On Diamond Jubilee's eve, diverse Britain seeks unity in Queen Elizabeth

Some say monarchy is a rare unifier in a land absorbing large numbers of immigrants. 'She will become my queen, too,' says newly minted Briton Youssef Siblini.

Sang Tan/AP
An office building by the river Thames in London is decorated with British flags in preparations for the weekend celebrations to mark the Diamond Jubilee of Queen Elizabeth II, Thursday, May 31. The capital is preparing to celebrate the Diamond Jubilee, the 60th anniversary of the accession of Queen Elizabeth II to the throne.
Arthur Edwards/AP/File
This December 2008 file photo shows Britain's Queen Elizabeth II speaking from the throne in the House of Lords, during the State Opening of Parliament in London.

Flanked by the British flag and a portrait of Queen Elizabeth, who marks her 60th year on the throne this weekend with a diamond jubilee, Youssef Siblini poses for his first photo as a Briton and as a subject of the crown.

Moments earlier Mr. Siblini and seven other immigrants swore an oath of citizenship to be “faithful and bear true allegiance to Her Majesty.”

For Siblini, an immigrant from Lebanon, the oath of fealty helps bring him into the fold of his new homeland. “I think it’s a good idea to make you feel that you are English now,” he says. “She will become my queen too.”

Starting tomorrow, Britain kicks off a four-day national celebration of the queen’s Diamond Jubilee. The monarchy is riding high levels of public support even as Britons widely express unease with a sense of crumbling community spirit. Some link the two sentiments, arguing the monarchy is one of the few unifiers in a country absorbing large numbers of immigrants. 

 “The monarchy signifies the unity and diversity of the British nation,” says Phillip Blond, director of ResPublica, a think-tank in London working on social cohesion. “She’s not white people’s monarch. She’s the monarch of all the British people and all the British legacies and dominions.”

Over the 60 years of Queen Elizabeth’s reign, Britain’s overseas empire finished breaking away, but the British Isles themselves grew far more diverse. Net immigration, once as low as 48,000 in 1997, shot up to a quarter of a million by 2010.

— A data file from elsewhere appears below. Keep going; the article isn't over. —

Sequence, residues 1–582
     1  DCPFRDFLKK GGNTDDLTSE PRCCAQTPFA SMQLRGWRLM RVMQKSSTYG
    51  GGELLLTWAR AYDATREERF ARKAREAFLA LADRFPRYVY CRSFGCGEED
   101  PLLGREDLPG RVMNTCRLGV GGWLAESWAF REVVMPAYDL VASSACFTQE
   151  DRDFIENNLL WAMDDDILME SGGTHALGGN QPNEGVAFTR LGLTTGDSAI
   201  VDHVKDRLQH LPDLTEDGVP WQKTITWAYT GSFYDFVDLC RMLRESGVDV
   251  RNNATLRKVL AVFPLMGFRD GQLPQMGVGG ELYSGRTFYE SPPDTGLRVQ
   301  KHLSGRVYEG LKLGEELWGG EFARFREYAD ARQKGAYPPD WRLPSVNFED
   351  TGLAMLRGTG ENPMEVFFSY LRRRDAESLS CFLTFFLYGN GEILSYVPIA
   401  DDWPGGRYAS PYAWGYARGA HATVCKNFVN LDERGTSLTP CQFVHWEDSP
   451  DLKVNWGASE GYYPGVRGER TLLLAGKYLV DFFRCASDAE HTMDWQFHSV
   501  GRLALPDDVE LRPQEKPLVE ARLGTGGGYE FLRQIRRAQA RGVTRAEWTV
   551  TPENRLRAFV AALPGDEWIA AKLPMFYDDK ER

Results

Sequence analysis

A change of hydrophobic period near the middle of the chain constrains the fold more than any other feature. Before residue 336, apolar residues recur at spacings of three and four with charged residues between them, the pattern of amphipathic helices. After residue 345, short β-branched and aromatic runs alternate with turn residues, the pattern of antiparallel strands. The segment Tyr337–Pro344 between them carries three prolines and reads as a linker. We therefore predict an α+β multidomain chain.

Polls show the public has grown uneasy with the pace of immigration and its impact on social cohesion. A 2011 YouGov poll found 88 percent of British respondents agreed that immigrants who are unable to speak English or unwilling to integrate have created “discomfort and disjointedness” in Britain.

As in many parts of Europe, multiculturalism is losing ground to greater assertions of a national set of values and heritage. For many critics of the monarchy, the need for a unifying symbol appears neither urgent nor best served by a hereditary office.

“People will find something to rally around whether it’s the sports teams … or [actor] Stephen Fry,” says Graham Smith, head of Republic, an anti-monarchy advocacy group. “We don’t need to allow these peoples [royals] to co-opt all that in order for their own personal gain.”

His group advocates adopting the Irish model, where there is an elected but largely ceremonial head of state. He points to former president Mary McAleese who, as the first president born in Northern Ireland, helped bridge sectarian divides and unify the Irish people.

“The process of electing her helped the Irish citizens to reflect on who they now were,” says Mr. Smith.

British officials from across the political spectrum have increasingly encouraged reflection on what it means to be British. Under former Prime Minister Tony Blair, the government created the group citizenship ceremony in 2004 from what had been a solitary bureaucratic process of saying an oath before a

“It’s that idea that people from such different and diverse backgrounds will have this in common, and to give people a bit of pride. It’s a life event to have this ceremony,” says Bryony Aldous, a local official in the south London borough of Southwark.

She officiates the short ceremony in a cozy hall that opens out onto a garden. Before her stand the eight would-be citizens and, off to the side, their families, holding plastic Union Jacks. She gives a short talk that’s explicitly British: noting that tea is waiting in the back, the weather is uncharacteristically sunny, and sports fans can rejoice in the Olympics coming to town next month.

She also talks of the rights and responsibilities of British citizenship, including the right to vote and the responsibility to take part in civic life. The eight – from Swaziland, Zimbabwe, Sierra Leone, Russia, Nigeria, and Lebanon – swear the oath together, then sing “God Save the Queen.” One by one the citizenship certificates – once printed on cardboard, but now just paper due to austerity – are handed out.

Smith, of the anti-monarchy group Republican, says would-be immigrants have been put off from citizenship by the requirement of swearing to the queen.

“People have come from countries where they’ve had to fight quite literally for democracy and then they get here and they have to swear an oath to a hereditary monarch. It’s quite appalling,” he says.

Siblini’s wife, British native Yolanda Hill, however sees value in the ceremony. She says her husband is still struggling to find his place, six years after first coming to Britain. The recession has made it hard for him to find work, and his childhood connections are in Lebanon.

“And so I think this [ceremony] is a good way to get settled. And he’s starting studies in university, which I think is a really good way to get integrated as well.”

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